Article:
Lisa’s progress to silk was somewhat unstructured and she found the application process highly demanding, particularly in terms of time. Lisa had to fill in the voluminous application form and prepare for the interview. Lisa benefited from help from her colleagues and friends including one whom she had met at bar school and another from her university days. A recent KC in the circuit was able to provide Lisa with a more similar geographical outlook as her own. It was, she says, extremely helpful to have various perspectives on success in the silk application.
More broadly in her preparations for the KC Competition, Lisa knew that she had to be on her game at national level and she attended Temple and KC events in London, taking the opportunity to talk to lots of people in the margins. Unlike applicants in some London chambers which often saw four or five new silks appointed each year, Lisa had a more limited number of KCs in her network to call upon, so she needed to reach out further afield, particularly to other senior women at the bar. Lisa says that there were still relatively few female role models in the commercial and chancery specialisms, particularly outside of London, and that was perhaps her greatest hurdle, particularly when she returned to practice after her children were born.
Lisa said that, on the positive side, there were now more visible female role models across the legal profession and the judiciary compared to when she set out on her career and this was creating a highly positive cycle which hopefully augured well for the future. The support Lisa receives from the North Eastern Circuit Women’s Forum was very important, with supportive and forward-thinking events that linked wellbeing and consistently excellent performance as a central theme. Both formal and informal support networks were extremely important to assist female barristers to cope with competing responsibilities and demands whilst maintaining their own good mental and physical health. It was important to assist others, men and women, in the workplace and to be as inclusive and positive as possible.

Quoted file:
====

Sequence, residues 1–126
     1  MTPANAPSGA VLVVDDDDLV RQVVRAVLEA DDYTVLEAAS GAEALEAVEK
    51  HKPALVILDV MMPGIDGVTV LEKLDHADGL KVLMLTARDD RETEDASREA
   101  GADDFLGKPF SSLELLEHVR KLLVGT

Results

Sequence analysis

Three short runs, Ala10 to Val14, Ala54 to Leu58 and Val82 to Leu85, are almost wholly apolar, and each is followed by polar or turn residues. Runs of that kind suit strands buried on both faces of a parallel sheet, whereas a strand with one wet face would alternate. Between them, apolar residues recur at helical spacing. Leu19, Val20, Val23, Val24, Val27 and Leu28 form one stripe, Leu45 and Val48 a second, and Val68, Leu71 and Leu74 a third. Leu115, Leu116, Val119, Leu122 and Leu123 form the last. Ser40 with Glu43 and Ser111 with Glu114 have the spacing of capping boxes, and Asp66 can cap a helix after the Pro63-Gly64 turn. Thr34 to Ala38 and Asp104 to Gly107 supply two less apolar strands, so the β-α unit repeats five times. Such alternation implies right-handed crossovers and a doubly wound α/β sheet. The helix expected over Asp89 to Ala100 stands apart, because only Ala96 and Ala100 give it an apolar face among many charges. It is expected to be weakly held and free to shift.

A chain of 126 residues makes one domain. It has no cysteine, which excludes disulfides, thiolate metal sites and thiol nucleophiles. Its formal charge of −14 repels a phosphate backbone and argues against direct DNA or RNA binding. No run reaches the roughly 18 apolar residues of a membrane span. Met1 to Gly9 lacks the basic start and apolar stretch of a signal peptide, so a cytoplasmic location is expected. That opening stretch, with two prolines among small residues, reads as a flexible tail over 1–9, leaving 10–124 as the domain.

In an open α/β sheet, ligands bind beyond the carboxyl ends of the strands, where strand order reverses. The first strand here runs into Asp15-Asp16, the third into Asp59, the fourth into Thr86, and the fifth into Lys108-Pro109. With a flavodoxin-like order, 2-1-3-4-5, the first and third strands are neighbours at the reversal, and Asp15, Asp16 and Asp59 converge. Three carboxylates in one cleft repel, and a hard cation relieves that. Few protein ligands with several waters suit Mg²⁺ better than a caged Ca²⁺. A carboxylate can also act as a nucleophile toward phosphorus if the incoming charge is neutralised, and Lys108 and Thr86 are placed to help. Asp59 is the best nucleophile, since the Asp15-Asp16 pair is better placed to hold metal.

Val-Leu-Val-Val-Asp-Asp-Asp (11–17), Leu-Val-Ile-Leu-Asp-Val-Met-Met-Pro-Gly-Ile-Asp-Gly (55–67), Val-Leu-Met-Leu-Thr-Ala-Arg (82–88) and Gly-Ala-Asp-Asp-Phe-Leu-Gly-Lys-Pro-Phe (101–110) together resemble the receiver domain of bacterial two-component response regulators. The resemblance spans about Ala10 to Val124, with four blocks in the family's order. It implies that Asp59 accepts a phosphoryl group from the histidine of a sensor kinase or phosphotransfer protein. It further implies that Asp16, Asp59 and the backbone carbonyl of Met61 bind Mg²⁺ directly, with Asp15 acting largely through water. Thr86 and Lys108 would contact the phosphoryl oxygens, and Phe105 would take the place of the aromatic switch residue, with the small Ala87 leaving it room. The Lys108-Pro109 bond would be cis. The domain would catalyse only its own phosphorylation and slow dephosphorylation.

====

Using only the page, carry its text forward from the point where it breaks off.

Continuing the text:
Overall, Lisa found the KC Competition the most demanding and thorough process she had ever experienced. She feels that it made her step back and look clearly at what she had done, as you needed to really connect with your material in order to convince the Selection Panel of your credentials for silk. Lisa considers that the process enabled her to develop personally and professionally.
Lisa says it was so heartening to see so many families at the KC Ceremony at Westminster Hall held on 21 March 2022, with children of all ages, from babes-in-arms to teenagers. The event was joyful and inclusive, and probably one of the best days of Lisa’s life, surrounded as she was by her family, dearest friends and her Chief Clerk with his wife and the Chambers’ Chief Executive. It was a particular delight and joy to have her elderly parents from Scotland at the event, a very proud and joyous moment for them after the dark days of the pandemic. Lisa says that it has been wonderful the way people that she worked with throughout her career had reached out to her at that very exciting time, evoking so many happy memories. Finally, Lisa says that none of this would have been possible without the support of her husband throughout the demanding years leading up to silk and throughout her career.
- Date: February 14, 2023